More helpful was the CDC’s 500 Cities Project: Local Data for Better Health, Chronic Data Portal, launched in 2015 and funded by RWFJ. So far, the data is available at the census tract level for just one year, 2014, but 2015 data is expected later this year. Of their 27 measures selected from the BRFSS, only one question pertains to physical activity and the 500 Cities Project has no plans to add additional measures without additional resources and/or public interest (their one question happens to be the same question employed by NYC DOHMH’s survey). The question asks about ‘leisure time physical activity’ in an arguably over-simplified ‘yes’ or ‘no’ format:
“During the past month, other than your regular job, did you participate in any physical activities or exercises such as running, calisthenics, golf, gardening, or walking for exercise?”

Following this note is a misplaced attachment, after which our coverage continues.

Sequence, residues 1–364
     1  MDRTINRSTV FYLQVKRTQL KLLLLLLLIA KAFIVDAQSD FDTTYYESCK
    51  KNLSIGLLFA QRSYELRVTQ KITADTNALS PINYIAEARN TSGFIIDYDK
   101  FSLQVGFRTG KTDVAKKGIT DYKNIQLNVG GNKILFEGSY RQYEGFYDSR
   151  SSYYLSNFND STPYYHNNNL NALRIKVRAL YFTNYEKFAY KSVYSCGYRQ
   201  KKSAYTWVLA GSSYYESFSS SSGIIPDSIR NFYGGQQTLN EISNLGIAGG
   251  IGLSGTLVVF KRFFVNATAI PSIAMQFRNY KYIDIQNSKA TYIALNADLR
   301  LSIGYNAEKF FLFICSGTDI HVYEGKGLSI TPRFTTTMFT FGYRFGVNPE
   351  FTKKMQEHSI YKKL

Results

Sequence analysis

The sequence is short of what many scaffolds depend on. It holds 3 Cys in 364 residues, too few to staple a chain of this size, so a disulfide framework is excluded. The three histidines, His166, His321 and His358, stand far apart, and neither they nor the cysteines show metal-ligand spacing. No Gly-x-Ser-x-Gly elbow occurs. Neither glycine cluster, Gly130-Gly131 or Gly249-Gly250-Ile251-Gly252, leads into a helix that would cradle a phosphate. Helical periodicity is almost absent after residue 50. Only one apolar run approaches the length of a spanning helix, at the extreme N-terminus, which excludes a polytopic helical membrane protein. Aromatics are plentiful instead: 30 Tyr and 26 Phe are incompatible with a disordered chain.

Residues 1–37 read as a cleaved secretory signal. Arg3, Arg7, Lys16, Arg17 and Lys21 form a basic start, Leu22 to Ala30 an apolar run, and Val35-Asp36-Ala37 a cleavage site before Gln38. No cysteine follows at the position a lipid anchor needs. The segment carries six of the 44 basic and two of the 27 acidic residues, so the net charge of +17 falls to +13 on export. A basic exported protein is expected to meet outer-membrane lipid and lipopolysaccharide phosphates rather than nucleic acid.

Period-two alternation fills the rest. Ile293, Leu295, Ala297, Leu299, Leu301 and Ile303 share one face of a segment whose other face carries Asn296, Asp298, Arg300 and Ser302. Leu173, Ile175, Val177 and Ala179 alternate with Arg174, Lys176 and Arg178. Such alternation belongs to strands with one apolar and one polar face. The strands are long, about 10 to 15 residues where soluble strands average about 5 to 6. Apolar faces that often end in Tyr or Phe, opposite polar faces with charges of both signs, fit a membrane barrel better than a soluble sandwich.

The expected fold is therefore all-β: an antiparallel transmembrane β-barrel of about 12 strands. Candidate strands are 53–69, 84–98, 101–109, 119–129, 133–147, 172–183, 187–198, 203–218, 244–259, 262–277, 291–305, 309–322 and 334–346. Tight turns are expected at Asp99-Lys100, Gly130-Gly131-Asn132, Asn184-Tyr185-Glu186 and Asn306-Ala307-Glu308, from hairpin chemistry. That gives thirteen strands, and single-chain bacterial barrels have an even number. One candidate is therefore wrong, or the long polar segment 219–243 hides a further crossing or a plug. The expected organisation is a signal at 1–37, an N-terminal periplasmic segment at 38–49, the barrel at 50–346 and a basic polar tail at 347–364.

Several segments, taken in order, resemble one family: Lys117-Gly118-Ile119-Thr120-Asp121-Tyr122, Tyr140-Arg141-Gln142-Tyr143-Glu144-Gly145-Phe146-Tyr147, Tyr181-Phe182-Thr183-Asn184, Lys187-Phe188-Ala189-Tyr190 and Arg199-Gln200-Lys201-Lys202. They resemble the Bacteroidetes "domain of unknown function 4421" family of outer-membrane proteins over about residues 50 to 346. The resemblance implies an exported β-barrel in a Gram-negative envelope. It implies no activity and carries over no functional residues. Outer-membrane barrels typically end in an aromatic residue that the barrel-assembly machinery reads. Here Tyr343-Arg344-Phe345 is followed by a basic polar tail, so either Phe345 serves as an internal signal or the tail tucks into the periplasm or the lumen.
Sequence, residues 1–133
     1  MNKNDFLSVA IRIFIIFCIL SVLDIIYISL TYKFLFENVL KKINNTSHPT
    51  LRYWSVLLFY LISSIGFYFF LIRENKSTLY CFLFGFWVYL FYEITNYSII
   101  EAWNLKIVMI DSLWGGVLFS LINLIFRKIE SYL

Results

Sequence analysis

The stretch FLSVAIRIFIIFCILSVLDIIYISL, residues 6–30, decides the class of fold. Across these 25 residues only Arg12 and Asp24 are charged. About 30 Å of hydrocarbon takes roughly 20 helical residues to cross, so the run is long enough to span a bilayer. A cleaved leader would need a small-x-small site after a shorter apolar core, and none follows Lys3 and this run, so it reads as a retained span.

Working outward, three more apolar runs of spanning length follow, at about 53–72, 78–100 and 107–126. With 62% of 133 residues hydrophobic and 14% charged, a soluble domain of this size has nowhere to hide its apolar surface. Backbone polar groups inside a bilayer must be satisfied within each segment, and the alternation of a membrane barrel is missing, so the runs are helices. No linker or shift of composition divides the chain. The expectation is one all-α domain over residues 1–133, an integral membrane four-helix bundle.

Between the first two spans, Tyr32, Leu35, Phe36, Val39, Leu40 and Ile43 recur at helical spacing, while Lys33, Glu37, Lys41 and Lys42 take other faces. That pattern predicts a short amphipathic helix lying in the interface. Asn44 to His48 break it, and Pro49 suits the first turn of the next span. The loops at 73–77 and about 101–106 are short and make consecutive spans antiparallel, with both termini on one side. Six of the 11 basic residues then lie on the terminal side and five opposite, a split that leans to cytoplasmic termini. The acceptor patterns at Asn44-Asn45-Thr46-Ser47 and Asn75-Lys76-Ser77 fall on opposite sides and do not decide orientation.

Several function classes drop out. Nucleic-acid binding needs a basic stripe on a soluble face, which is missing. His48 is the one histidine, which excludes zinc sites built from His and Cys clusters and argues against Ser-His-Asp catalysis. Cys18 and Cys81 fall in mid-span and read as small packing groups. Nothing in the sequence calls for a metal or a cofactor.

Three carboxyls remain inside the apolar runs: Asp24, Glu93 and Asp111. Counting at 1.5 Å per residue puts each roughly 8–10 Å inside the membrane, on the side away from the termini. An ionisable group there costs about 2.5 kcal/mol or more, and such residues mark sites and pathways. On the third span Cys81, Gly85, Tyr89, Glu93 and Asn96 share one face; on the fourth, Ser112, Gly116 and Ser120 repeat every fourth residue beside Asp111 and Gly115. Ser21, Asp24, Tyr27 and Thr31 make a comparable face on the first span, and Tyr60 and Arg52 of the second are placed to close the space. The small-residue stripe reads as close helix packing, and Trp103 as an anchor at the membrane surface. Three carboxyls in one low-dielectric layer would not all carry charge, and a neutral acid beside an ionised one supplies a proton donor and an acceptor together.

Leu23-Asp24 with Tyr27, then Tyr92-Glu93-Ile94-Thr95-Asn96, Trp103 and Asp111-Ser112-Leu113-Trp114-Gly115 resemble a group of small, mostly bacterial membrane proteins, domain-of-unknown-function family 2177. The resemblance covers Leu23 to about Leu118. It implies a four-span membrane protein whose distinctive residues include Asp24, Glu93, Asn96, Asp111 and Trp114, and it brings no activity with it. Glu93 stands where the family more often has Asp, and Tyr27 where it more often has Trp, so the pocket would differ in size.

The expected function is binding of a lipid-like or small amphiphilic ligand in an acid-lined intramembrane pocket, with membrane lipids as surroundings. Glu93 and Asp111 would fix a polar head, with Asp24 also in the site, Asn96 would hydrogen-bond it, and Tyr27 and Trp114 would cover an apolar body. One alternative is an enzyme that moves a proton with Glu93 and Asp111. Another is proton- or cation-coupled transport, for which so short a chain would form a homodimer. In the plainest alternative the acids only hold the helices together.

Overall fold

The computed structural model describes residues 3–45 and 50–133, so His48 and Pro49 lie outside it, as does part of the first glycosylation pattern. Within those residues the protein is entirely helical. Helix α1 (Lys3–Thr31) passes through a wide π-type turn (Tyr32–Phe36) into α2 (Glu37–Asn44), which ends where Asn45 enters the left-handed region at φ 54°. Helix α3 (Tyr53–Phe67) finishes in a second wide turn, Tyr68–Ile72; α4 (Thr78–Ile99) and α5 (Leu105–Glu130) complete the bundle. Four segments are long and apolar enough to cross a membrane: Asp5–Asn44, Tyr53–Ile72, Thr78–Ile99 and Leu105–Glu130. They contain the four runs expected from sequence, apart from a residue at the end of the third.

The resulting data is the prevalence of a ‘no’ answer to this question and is shown in the red map for NYC’s census tracts. The data appears reasonable; the darkest red areas are lower income census tracts associated with reduced opportunities for leisure time physical activity (this might perhaps be especially true for some of the leisure time examples included in the question, like gardening and golf).
This is the best data I’ve found to-date and I am somewhat frustrated because the limitations are many:
- First, self-reported physical activity is known to be highly problematic, particularly because people tend to compare themselves with peers when replying to physical activity questions. Research has shown differential reliability across subpopulations, both over and under reporting, and, understandably, confusion regarding levels of physical activity intensity